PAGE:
Trailer: CELED

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datatime: 2022-10-05 16:17:50 Author:jtiRZUqU

Horton had glanced at the front page of the Post, and read the sports section. It was Saturday, after all. He had heard that Coal read eight newspapers before dawn, so he didn't like this question.

They are pursuing all leads, Coal said. They gave us a copy of it almost two weeks ago, so we assume they're pursuing it.

Someone opened the door and Horton entered alone. They shook hands and Horton sat across the desk. Coal stood nearby, and this really irritated the President.

The train left six minutes late. It was half empty. She pulled a paperback from the bag and pretended to read it.

What if the brief is on target? If we do nothing, and the truth eventually surfaces, the damage will be irreparable.

She waited in the correct spot with a group of drunk but well-dressed teenagers, and the train arrived in a couple of minutes. It wasn't crowded, and she took a seat near the center doors. Stare at the floor and hold the bag, she kept telling herself. She looked at the floor, but from behind the dark shades, she studied the people. It was her lucky night. No street punks with knives. No beggars. No perverts, at least none she could spot. But for a novice, it was nerve-racking anyway.

What if the brief is on target? If we do nothing, and the truth eventually surfaces, the damage will be irreparable.

The train left six minutes late. It was half empty. She pulled a paperback from the bag and pretended to read it.

Do you honestly believe there's any truth to it? the President asked.

The FBI is investigating, the President said. They've got three hundred agents on the case. Why should we get involved?

Why? asked the President.

The drunk kids exited at Times Square, and she got off quickly at the next stop. She had never seen Penn Station, but this was not the time to sightsee. Maybe one day she could return and spend a month and admire the city without watching for Stump and Thin Man and who knows who else who was out there. But not now.

Why? asked the President.

Fifteen minutes later, they stopped in Newark, and she got off. She was a lucky girl. There were cabs lined up outside the station, and ten minutes later she was at the airport.

The cab took ten minutes to get to Seventy-second and Broadway, which was the wrong direction, but this entire journey should be hard to follow. She walked thirty feet, and disappeared into the subway. She had studied a map and a book of the system, and she hoped it would be easy. The subway was not appealing because she'd never used it and she'd heard the stories. But this was the Broadway line, the most commonly used train in Manhattan, and it was rumored to be safe, at times. And things weren't so swell above the ground. The subway could hardly be worse.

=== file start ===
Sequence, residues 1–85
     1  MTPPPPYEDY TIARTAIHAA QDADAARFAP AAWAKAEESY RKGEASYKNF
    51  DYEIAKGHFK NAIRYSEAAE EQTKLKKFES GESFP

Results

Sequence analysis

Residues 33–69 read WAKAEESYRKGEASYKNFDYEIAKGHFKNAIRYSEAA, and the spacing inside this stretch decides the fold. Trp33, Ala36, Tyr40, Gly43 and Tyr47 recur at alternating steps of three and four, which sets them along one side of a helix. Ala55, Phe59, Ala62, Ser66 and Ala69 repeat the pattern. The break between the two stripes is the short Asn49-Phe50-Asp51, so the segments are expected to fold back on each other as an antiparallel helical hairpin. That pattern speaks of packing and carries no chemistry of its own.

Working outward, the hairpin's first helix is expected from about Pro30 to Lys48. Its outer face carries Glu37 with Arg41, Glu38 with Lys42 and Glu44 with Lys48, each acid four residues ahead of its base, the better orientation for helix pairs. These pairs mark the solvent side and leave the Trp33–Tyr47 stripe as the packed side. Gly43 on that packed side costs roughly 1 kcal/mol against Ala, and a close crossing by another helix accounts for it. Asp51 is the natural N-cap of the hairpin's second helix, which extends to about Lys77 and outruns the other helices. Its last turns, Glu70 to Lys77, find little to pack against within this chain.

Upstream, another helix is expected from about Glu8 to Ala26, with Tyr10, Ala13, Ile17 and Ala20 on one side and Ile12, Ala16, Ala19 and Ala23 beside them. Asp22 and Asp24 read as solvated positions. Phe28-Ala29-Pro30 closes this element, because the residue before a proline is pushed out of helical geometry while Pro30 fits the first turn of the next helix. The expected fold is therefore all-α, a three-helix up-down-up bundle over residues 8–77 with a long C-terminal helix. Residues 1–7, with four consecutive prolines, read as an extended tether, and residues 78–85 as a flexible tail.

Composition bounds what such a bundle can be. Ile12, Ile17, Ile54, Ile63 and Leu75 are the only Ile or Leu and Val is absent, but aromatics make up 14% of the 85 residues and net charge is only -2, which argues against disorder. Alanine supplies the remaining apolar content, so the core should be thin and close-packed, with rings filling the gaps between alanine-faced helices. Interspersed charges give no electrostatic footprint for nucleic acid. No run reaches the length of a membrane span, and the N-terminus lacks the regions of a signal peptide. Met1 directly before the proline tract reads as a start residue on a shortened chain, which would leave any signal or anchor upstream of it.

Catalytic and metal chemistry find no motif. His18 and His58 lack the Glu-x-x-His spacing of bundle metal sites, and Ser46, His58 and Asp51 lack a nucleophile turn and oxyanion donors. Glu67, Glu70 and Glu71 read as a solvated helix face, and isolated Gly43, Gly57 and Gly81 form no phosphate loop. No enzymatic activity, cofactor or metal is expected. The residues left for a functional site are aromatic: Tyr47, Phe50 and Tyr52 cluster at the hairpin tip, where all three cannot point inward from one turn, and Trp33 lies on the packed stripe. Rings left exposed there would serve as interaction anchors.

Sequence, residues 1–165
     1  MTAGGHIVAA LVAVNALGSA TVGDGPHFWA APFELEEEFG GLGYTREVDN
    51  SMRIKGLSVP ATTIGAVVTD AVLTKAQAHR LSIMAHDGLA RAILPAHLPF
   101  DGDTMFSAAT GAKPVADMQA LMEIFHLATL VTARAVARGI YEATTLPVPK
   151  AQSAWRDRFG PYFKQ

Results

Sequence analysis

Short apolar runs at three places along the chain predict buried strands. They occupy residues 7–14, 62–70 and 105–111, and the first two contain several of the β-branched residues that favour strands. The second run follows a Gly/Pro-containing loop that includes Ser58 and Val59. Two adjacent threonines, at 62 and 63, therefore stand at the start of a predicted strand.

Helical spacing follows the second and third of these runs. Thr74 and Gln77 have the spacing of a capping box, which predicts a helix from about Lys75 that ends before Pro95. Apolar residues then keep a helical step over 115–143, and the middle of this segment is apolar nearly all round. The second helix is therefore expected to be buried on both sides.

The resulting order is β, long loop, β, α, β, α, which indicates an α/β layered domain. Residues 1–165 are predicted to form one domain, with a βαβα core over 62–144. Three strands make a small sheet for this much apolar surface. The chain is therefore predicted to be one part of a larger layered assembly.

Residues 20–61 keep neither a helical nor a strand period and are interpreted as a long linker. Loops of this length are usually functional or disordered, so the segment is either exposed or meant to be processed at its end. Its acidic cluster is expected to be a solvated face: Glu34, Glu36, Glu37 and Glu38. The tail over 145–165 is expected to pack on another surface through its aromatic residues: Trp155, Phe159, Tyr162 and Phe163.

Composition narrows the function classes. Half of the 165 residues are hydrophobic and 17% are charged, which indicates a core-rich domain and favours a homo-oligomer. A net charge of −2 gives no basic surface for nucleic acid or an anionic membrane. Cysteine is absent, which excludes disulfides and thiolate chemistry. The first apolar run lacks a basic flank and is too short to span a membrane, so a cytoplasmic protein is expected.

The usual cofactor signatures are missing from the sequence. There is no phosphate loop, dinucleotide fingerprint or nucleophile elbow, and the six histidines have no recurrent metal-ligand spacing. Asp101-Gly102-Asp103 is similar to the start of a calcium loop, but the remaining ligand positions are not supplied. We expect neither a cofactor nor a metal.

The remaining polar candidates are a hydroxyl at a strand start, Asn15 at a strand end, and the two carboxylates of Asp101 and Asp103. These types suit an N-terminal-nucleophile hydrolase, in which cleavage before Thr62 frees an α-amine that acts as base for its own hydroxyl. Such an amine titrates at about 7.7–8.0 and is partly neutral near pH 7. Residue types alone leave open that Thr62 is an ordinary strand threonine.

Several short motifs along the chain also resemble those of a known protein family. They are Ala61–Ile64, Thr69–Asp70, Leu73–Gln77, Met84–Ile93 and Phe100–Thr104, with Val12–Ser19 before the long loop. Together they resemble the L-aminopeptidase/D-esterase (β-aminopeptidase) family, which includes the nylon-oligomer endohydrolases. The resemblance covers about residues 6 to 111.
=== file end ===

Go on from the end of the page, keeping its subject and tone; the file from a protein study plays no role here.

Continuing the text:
What if the brief is on target? If we do nothing, and the truth eventually surfaces, the damage will be irreparable.

Someone opened the door and Horton entered alone. They shook hands and Horton sat across the desk. Coal stood nearby, and this really irritated the President.

Horton was dull but sincere. He was not dumb or slow, he just thought carefully about everything before he acted. He thought about each word before he said it. He was loyal to the President, and could be trusted for sound judgment.

Horton had glanced at the front page of the Post, and read the sports section. It was Saturday, after all. He had heard that Coal read eight newspapers before dawn, so he didn't like this question.

The cab took ten minutes to get to Seventy-second and Broadway, which was the wrong direction, but this entire journey should be hard to follow. She walked thirty feet, and disappeared into the subway. She had studied a map and a book of the system, and she hoped it would be easy. The subway was not appealing because she'd never used it and she'd heard the stories. But this was the Broadway line, the most commonly used train in Manhattan, and it was rumored to be safe, at times. And things weren't so swell above the ground. The subway could hardly be worse.

Are they investigating the pelican brief? Horton asked. He knew the answer. He knew Voyles was in New Orleans at this moment with hundreds of agents. He knew they had talked to hundreds of people, collected a pile of useless evidence. He knew the President had asked Voyles to back off, and he knew Voyles was not telling the President everything.

I don't think so.

IT WAS SATURDAY MORNING, and the Queen was in Florida taking money from the rich, and it was clear and cool outside. He wanted to sleep late, then play golf whenever he woke up. But it was seven, and he was sitting at his desk wearing a tie, listening to Fletcher Coal suggest what they ought to do about this and about that. Richard Horton, the Attorney General, had talked to Coal, and now Coal was alarmed.

I don't think so.

Horton had glanced at the front page of the Post, and read the sports section. It was Saturday, after all. He had heard that Coal read eight newspapers before dawn, so he didn't like this question.

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